Referees perform a surprisly large number of tasks before and after a match. These include checking the goals, nets and balls and deciding whether the pitch and weather conditions are suitable for the game to go ahead.
Afterwards, they write a report containing details of disciplinary actions and other important incidents.
On the pitch, the referee runs the game. His or her duties range from adding on time because of injuries, other stoppages and time-wasting, to deciding whether the ball is in or out of play or has crossed the goal line.
If a player commits a foul or breaks a law, referees must stop play and order a restart, such as a drop ball or a free kick.
They can caution players and team officials, and even abandon a match if weather, crowd trouble or any other factor makes the game unplayable.
Referees have to follow the laws of the game, but they have a certain amount of freedom to interpret aspects of the rules as they wish.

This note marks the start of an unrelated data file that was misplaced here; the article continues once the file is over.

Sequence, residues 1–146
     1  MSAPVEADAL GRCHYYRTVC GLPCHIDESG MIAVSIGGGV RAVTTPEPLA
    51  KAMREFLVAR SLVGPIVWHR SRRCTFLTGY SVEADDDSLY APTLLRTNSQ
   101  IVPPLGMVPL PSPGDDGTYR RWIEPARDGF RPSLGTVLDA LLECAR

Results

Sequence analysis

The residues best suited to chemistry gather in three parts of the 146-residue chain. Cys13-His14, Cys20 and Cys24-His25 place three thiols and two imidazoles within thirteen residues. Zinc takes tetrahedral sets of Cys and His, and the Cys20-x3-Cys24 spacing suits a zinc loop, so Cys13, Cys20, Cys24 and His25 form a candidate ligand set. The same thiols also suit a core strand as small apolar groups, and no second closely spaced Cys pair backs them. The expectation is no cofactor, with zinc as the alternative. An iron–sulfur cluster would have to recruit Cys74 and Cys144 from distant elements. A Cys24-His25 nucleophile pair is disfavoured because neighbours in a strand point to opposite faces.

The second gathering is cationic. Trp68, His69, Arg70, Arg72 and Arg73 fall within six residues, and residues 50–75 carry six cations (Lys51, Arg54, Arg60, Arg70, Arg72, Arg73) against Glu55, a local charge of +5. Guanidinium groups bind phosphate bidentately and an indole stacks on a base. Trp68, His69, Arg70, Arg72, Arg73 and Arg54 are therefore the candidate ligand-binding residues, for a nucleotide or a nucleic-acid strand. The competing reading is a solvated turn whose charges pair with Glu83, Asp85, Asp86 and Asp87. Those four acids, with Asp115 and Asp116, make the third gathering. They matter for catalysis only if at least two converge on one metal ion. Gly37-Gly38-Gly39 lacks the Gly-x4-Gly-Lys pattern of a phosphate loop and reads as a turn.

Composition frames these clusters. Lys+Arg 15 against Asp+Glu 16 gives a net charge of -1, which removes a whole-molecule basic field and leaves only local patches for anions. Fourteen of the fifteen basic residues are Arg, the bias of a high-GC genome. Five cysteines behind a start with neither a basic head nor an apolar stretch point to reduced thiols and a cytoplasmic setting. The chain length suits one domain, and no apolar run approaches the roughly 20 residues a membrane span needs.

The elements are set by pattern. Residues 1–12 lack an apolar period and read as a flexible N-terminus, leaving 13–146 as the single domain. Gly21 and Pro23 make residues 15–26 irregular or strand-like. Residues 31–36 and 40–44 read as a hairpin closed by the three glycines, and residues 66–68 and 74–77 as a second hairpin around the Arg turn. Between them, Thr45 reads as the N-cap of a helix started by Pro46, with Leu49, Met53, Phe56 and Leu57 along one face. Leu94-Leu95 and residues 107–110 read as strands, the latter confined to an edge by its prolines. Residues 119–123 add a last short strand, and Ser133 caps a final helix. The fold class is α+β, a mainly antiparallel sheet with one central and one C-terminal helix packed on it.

For example, if a player is fouled when his or her side is in a promising position, a referee may let the match continue, playing the advantage rule to keep the game flowing.
Assistants and the fourth officials
A referee relies on his or her assistants as extra pair of eyes. Referee assistants indicate when the ball goes out of play and whether a goal kick, corner or throw-in should be awarded.
They also use the flag signals to point out that a substitution has been requested, a player is offside or whether an offence has taken place out of the view of the referee.
A referee can consult with an assistant if he or she was closer to the action, but it is up to the referee to make the final decision.
In some competitions, a fourth official carries out duties before and after a match and also performs touchline tasks.
These include helping with substitutions and displaying the amount of time added on at the end of a game for stoppages.